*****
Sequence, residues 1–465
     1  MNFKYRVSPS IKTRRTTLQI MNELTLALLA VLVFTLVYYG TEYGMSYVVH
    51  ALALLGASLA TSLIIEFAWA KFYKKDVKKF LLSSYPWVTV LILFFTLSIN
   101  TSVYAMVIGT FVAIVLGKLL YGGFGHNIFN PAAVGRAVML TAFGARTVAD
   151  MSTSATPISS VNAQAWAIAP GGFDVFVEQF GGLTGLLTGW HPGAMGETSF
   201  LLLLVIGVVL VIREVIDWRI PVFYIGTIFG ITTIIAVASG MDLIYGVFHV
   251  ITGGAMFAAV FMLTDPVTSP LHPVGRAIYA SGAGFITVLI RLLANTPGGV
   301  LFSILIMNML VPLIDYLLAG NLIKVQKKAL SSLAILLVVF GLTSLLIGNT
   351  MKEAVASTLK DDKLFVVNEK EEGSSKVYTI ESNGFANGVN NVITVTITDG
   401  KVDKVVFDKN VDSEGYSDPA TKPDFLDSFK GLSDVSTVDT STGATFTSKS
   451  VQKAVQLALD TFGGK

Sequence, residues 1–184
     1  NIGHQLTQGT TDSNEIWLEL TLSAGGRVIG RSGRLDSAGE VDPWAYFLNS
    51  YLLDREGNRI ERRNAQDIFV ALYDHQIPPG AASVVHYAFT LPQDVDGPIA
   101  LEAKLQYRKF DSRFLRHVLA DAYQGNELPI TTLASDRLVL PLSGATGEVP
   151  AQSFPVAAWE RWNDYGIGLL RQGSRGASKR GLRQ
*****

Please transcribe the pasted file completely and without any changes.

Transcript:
Sequence, residues 1–465
     1  MNFKYRVSPS IKTRRTTLQI MNELTLALLA VLVFTLVYYG TEYGMSYVVH
    51  ALALLGASLA TSLIIEFAWA KFYKKDVKKF LLSSYPWVTV LILFFTLSIN
   101  TSVYAMVIGT FVAIVLGKLL YGGFGHNIFN PAAVGRAVML TAFGARTVAD
   151  MSTSATPISS VNAQAWAIAP GGFDVFVEQF GGLTGLLTGW HPGAMGETSF
   201  LLLLVIGVVL VIREVIDWRI PVFYIGTIFG ITTIIAVASG MDLIYGVFHV
   251  ITGGAMFAAV FMLTDPVTSP LHPVGRAIYA SGAGFITVLI RLLANTPGGV
   301  LFSILIMNML VPLIDYLLAG NLIKVQKKAL SSLAILLVVF GLTSLLIGNT
   351  MKEAVASTLK DDKLFVVNEK EEGSSKVYTI ESNGFANGVN NVITVTITDG
   401  KVDKVVFDKN VDSEGYSDPA TKPDFLDSFK GLSDVSTVDT STGATFTSKS
   451  VQKAVQLALD TFGGK

Sequence, residues 1–184
     1  NIGHQLTQGT TDSNEIWLEL TLSAGGRVIG RSGRLDSAGE VDPWAYFLNS
    51  YLLDREGNRI ERRNAQDIFV ALYDHQIPPG AASVVHYAFT LPQDVDGPIA
   101  LEAKLQYRKF DSRFLRHVLA DAYQGNELPI TTLASDRLVL PLSGATGEVP
   151  AQSFPVAAWE RWNDYGIGLL RQGSRGASKR GLRQ